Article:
Welsh Anaesthetic Trainees Journal Club

Journal Club: 12th September 2017

Patterns and Predictors of Frailty Transitions in Older Men: The Osteoporotic Fractures in Men Study

Journal of the American Geriatrics Society, September 2017. doi:10.1111/jgs.15003

 Presented by: Dr R. Christie


  • Frailty is a geriatric syndrome leading to reduced physiological reserve. Frail patients are therefore more vulnerable to adverse outcomes i.e. anaesthesia and surgery.
  • 2 small scale studies have suggested that frailty is a dynamic process and prevention and reversal may be possible.

Primary Objectives:

  • To determine patterns and probability of frailty progression and improvement.

Secondary Objectives:

  • To Identify predictors of transitions in frailty status

Design and Setting

  • Prospective observational cohort study across 6 US clinical centres
  • Recruited patients from osteoporotic fractures in men study (MrOS) which used mailings, newspaper advertisements and presentations aimed at older populations to recruit individuals
  • 5,086 men received a second visit at 4.6 +/- 0.4 years after recruitment to MrOS. 908 of the 5,994 originally recruited were not included in the study.


  • Men, over 65.
  • 10% from minority groups (African-American, Asian).
  • All lived in the community and were able to walk independently at time of recruitment.


  • At recruitment the cohort completed:
    • A self-administered questionnaire which included factors based on socioeconomic status and ADLs.
    • A mini mental state examination to assess cognitive function.
  • A fifth of the men also had physiological parameters measured.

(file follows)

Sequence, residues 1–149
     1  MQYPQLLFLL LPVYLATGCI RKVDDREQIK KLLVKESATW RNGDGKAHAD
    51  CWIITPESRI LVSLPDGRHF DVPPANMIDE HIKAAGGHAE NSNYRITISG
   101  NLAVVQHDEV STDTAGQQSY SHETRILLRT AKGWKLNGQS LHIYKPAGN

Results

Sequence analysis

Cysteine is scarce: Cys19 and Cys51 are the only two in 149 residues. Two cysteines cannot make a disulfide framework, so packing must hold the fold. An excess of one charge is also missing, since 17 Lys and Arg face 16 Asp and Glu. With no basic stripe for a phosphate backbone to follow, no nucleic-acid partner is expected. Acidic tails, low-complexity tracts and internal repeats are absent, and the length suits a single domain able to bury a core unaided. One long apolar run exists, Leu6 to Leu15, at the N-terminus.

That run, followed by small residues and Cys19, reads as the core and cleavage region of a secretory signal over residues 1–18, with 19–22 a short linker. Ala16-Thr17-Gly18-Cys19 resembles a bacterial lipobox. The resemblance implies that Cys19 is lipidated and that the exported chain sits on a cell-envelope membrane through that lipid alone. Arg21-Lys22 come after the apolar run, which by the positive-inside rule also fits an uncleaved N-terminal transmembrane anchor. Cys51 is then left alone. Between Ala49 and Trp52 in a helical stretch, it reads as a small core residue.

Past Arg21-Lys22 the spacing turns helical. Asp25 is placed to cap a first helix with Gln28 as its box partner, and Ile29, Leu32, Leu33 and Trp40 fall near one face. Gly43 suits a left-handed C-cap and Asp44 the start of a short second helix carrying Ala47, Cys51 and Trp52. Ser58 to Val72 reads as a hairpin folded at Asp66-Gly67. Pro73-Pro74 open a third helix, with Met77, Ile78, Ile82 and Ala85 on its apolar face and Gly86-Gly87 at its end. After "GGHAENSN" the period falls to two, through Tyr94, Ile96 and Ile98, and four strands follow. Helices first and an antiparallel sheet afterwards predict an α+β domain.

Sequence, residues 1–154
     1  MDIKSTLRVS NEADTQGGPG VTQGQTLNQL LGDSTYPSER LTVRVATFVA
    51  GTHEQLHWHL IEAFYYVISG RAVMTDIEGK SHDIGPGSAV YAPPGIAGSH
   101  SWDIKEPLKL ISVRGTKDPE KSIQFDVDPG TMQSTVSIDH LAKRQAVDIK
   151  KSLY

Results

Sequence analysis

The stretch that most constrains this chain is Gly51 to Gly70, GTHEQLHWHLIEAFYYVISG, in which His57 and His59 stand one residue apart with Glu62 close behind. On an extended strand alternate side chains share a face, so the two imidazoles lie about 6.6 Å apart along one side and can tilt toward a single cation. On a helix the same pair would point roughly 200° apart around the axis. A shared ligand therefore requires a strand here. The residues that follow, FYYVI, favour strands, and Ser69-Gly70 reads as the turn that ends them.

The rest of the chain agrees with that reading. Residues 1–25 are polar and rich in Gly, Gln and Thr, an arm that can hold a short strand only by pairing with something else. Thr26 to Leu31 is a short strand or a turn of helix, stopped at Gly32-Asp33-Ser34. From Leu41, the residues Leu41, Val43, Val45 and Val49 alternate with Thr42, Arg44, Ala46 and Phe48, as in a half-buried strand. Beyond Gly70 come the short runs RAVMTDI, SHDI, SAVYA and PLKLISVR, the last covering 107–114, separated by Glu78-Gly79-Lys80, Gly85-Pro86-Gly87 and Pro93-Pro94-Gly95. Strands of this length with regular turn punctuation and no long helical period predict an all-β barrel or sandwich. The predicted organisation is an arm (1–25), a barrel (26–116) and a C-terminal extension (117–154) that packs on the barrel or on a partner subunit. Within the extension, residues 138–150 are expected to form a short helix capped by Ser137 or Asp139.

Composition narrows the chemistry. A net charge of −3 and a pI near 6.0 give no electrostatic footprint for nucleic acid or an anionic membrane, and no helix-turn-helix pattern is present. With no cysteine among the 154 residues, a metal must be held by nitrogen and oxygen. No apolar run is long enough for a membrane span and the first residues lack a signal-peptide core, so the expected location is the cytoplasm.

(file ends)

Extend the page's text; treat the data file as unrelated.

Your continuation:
• Men were classified as robust, pre-frail or frail based on defined criteria at the start and end of the study period and the transition between groups was compared with data from the questionnaires, MMSE and physiological parameters.


Primary Outcomes:

  • Probability of transition between frailty states between visit 1 and visit 2.

Secondary Outcomes:

  • The odds of progression in frailty status from visit 1 to visit 2 based on baseline characteristics.
  • The odds of improvement in frailty status from visit 1 to visit 2 based on baseline characteristics.


Probability of transition:

  • Robust patients:
    • Robust to Robust – 0.6
    • Robust to Prefrail – 0.32
    • Robust to Frail – 0.03
    • Robust to Death – 0.05
  • Pre frail patients:
    • Prefrail to Robust – 0.15
    • Prefrail to Prefrail – 0.55
    • Prefrail to Frail – 0.17
    • Prefrail to Death – 0.12
  • Frail Patients:
    • Frail to Robust – 0.005
    • Frail to Prefrail – 0.16
    • Frail to Frail – 0.45
    • Frail to Death – 0.28

Characteristics that correlate with progression of frailty:

  • DM
  • Instrumental activity of daily living limitations
  • Smoking
  • CCF
  • Low albumin
  • High interleukin 6

Characteristics that correlate with improvement in frailty:

  • Leg power
  • Marriage


  • Improvement in frailty status is possible and is associated with social, functional and clinical factors.
  • Future studies need to target interventions in frail and pre-frail states such as improving strength and lower limb power, improvement management of co-morbidities and social and nutritional support.


  • Large study
  • Prospective
  • Well written and presented


  • Single sex (male) and predominantly white cohort.
  • Residential/Nursing home residents and those living in assisted living not included. May not be representative of the over 65 population.
  • Only two visits over 4.6 +/- 0.4 year period.
    • Did not identify transitions in between visits nor identify ongoing factors that may have influenced transitions e.g. men who stopped smoking
  • Acute illnesses at time of visits may affect results classification of frailty.
  • Did not state cause of death in the 568 patients that died, and was this related to their frailty status.
  • Did not state why over 700 patients were left out of study.